Rail strikes: UK passengers face further delays on Thursday

Talks aimed at resolving a bitter dispute over jobs, pay and conditions resume

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Commuters are braced for further travel disruption on Thursday when the second official day of Britain’s biggest nationwide rail strike in more than 30 years gets under way.

About 40,000 members of the Rail, Maritime and Transport (RMT) union at Network Rail — the organisation that maintains the system — and 13 train operators are involved in three days of strike action, spread across five days.

There was continued disruption for travellers on Wednesday as a knock-on effect of Tuesday's walkout. The joint action caused travel chaos across Britain, with journeys taking longer and roads rammed with traffic as people switched to cars or buses to get to work.

Anthony Smith, the chief executive of Transport Focus, the independent watchdog for transport users , described it as a "messy day” for travellers.

Thousands of ticket-holders heading to Glastonbury, which opened its gates on Wednesday, faced anxiety in the run-up to the festival over the disruption, with some trains to Castle Cary, which serves the festival via shuttle bus, cancelled just days before.

Talks aimed at resolving a bitter dispute over jobs, pay and conditions resumed on Wednesday, after 11th-hour negotiations to avert the strike failed earlier this week.

Transport for London (TfL) staged a single strike day of its Underground workers on Tuesday to coincide with the first day of RMT’s walkout.

The network advised people not to travel on the Tube until mid-morning on Wednesday owing to severe delays on several lines. By mid-afternoon the majority of the London Underground network was running as normal.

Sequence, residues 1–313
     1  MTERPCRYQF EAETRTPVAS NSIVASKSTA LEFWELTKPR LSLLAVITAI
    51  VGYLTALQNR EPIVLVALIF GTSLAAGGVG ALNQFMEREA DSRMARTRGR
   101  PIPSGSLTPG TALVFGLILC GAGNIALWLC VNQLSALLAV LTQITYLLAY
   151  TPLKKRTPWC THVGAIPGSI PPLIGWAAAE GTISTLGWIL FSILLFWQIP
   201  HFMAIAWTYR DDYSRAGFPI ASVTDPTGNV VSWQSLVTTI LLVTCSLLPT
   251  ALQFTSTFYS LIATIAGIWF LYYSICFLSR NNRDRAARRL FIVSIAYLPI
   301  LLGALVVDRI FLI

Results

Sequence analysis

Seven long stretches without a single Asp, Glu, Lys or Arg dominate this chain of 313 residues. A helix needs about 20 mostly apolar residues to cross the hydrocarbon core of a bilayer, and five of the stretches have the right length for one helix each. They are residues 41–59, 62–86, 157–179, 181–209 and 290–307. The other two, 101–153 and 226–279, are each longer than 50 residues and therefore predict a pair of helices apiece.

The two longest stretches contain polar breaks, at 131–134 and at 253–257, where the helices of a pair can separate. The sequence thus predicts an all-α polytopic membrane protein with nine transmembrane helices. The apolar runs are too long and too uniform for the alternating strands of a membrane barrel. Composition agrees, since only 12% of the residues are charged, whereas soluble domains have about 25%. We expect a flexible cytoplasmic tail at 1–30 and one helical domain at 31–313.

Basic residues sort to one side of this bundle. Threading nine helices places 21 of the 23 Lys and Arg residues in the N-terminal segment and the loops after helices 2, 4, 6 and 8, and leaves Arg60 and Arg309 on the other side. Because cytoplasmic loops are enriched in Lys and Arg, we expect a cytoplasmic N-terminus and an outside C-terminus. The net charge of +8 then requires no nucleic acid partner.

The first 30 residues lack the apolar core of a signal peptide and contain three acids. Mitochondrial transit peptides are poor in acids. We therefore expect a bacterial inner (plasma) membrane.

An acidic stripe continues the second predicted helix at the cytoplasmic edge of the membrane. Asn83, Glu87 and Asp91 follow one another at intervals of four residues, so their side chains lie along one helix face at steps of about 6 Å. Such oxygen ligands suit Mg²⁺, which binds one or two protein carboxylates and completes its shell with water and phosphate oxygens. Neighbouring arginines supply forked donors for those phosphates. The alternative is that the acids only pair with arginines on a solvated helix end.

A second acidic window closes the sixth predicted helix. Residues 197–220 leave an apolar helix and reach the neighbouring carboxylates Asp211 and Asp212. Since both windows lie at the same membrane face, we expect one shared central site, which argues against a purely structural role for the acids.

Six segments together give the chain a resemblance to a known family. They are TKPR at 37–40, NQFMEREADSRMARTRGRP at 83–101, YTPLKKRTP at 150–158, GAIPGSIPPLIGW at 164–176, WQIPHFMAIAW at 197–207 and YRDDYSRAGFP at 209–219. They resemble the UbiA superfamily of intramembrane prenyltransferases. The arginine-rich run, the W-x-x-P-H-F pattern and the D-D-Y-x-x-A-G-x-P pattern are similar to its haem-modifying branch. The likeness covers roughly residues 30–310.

Thursday’s strike is expected to affect rail services on Friday morning, while a third day of action is planned for Saturday.

Services started later than normal on Wednesday as trains were delayed leaving depots due to striking signallers and control room staff with Network Rail — the owner and infrastructure manager of most of Britain's railway network.

Sixty per cent of trains were expected to run across the entire day, with some operators winding down services slightly earlier than usual before Thursday’s walkout.

The joint action disrupted travel across Britain, with journeys taking longer and roads rammed with traffic as many switched to cars or buses.

At Wednesday’s session of Prime Minister’s Questions, Boris Johnson clashed with Labour leader Sir Keir Starmer over their parties’ differing stances on the rail strikes.

The prime minister said the opposition party had taken £10 million ($12.2m) in funding from the RMT and said Labour was “backing the strikers” while government ministers “back the strivers”.

Sir Keir said Mr Johnson and Transport Secretary Grant Shapps “haven’t attended a single meeting, held a conversation or lifted a finger to stop these strikes”.

He accused the Conservative prime minister of blaming others for the disruptive action and urged him to “get round the table and get the trains running”.

Mr Johnson said his government was “making sure that we do everything we can to prevent these strikes”.

“He knows it is up to the railway companies to negotiate, that is their job,” Mr Johnson said of his opponent.

“We’ve spent £16 billion looking after the railways throughout the pandemic — that’s cost every household £600.